No doubt about it, it’s a bad time to be fully invested in the stock market. Prognosticators abound, yet no one really knows what the stock market will do next. What’s happening, and what should you do?
First, let’s recap Monday’s market mayhem.
Before the market even opened, stock futures for S&P 500 index flashed a huge 7% decline. That triggered so-called “circuit breakers,” rules that require trading to be suspended 15 minutes to prevent a panicked rush for the exits. That’s always a bad sign.
Equally bad, the Dow Jones Industrial Average tanked more than 2,000 points, off 7.8% at day’s close, while the growth-stock rich Nasdaq Index plunged more than 7.3%.
Why has the stock market suddenly gone so sour, after hitting record highs repeatedly early in the year? The one word reply is: fear. More specifically, fear of the unknowable, fear of what comes next.
The Covid-19 virus’ spread is the main unknown, sending waves of panic through global markets. The World Health Organization says there are now some 110,000 Covid-19 cases worldwide, with an estimated 3,809 deaths.
Another fear relates to the shocking collapse in oil prices and interest rates, usually signs of impending deflation and declines in future investment across the economy. Monday’s near-21% plunge in oil prices was the biggest since the financial crisis, while the 10-year Treasury rate hovers around 0.5%, not far above zero.
Still another fearful unknown is the stunning success of socialist ideas — embodied by wealth-grabber and nationalizer Bernie Sanders, but by other candidates, too — in recent Democratic primaries. Is it possible that so many Americans could be deceived by the fool’s gold of socialism? Scary, but it sure looks that way.
All of the above, by the way, contributed to the market’s meltdown.
Contrary to popular opinion among some academics, stocks do not move randomly. The stock market’s price system gauges millions of investors’ guesses for what the economy will look like in six to 12 months. Then it adjusts prices accordingly. Investors make a probabilistic assessment, and change it every day.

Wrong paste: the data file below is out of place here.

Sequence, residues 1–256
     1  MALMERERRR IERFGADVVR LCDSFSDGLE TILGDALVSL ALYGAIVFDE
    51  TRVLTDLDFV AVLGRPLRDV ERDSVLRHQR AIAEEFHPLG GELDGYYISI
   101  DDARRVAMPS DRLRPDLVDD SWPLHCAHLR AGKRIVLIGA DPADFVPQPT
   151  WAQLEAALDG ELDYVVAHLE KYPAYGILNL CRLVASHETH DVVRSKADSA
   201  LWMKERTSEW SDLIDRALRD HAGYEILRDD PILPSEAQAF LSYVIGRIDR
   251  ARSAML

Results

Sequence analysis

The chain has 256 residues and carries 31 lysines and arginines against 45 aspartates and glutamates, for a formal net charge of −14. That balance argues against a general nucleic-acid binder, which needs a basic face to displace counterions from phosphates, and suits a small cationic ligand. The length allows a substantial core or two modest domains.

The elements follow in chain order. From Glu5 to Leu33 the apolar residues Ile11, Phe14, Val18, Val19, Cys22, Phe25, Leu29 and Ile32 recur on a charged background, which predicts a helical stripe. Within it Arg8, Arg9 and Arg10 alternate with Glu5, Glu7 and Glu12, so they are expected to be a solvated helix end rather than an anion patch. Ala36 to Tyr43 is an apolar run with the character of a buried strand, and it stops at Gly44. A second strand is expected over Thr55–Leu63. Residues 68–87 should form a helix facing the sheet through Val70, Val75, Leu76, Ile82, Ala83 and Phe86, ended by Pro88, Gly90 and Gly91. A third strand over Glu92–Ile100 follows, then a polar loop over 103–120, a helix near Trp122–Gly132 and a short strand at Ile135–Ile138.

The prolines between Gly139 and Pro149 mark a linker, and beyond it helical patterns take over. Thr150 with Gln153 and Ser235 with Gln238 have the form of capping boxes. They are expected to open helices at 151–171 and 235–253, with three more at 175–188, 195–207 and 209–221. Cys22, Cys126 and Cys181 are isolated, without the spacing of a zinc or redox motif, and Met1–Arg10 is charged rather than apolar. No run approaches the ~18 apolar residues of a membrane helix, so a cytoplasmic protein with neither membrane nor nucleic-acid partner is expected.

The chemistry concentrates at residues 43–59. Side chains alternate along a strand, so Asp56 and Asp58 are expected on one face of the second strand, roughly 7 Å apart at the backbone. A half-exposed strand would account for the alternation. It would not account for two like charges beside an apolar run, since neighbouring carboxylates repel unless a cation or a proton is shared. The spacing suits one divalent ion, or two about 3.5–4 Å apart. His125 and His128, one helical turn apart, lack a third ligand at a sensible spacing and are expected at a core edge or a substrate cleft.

What the market is recognizing right now is a massive rise in uncertainty about the strength of the global economy and corporate earnings in the near future. So stock prices take the hit.
“In this volatile environment, there is a flurry of activity with traders moving in and out of positions to capture profits and limit losses,” Rick Swope, a senior director at E*Trade, told the Street.com.
Prices Adjust To Reality. That’s Why They Work.
So what’s the proper response by government to all of this? Bailouts? More market controls? Negative interest rates?
The correct answer is: Nothing. Stocks have benefited from a decade-long bull market, one that was due for a correction. With so much recent uncertainty, investors sold off some of their gains.
Despite rampant coronavirus fears fed to us by our incompetent national media, government doesn’t need to intervene further in the markets. Prices will find their level, and adjust to reality. That’s why they work.
Yes, many private investors have taken big hits. It’s always a risk. But none of those investors, we would bet, were asking for upside “circuit breakers” as their stocks rose from dizzying high to dizzying high late last year and early this year.
Recall that it was the Fed’s March 3 “emergency” 50-basis-point rate cut to prevent a recession that set off a major market sell-off. While well-intended, the Fed’s message sent to uncertain investors was very much the same as that infamous line in the movie “The Fly”: “Be afraid. Be very afraid.”
Immediately after that Fed cut, frightened investors raced for the door. Now, further government interventions through federal spending “stimulus,” new controls on financial markets, or more panicked interest-rate cuts will only confuse investors and create greater fear.
Why? By muddying the signals sent by market prices, regulatory intervention in the financial markets makes it impossible for investors to make clear decisions. The result is more uncertainty, not less.
By leaving markets alone, prices will adjust more quickly. And when things materially improve, they will snap back more quickly, as well.
Before the markets opened on Monday, economist Art Laffer, former adviser to President Ronald Reagan and the man many consider to be the godfather of supply-side economics, had this sage advice to those worrying about the stock market:
“When people make decisions when they’re panicked or drunk, the consequences are rarely attractive,” he told Fox Business Network anchor Stuart Varney. “This is what I’m worried about now: That the government will try to do something rash. It’s times like these that free markets are the single most important thing you can do.”
Laffer should know. His advice to Reagan during the 1987 market crash — when the Dow plunged 23% in a day — was summed up by the joke, “don’t just stand there, undo something.”
This is hard for people accustomed to government “doing something” every time things go badly. But, as the great economist Ludwig von Mises long ago argued, “Depressions and mass unemployment are not caused by the free market but by government interference in the economy.”
Free markets work far better at fixing things than government intervention. That includes the stock market.
— Written by Terry Jones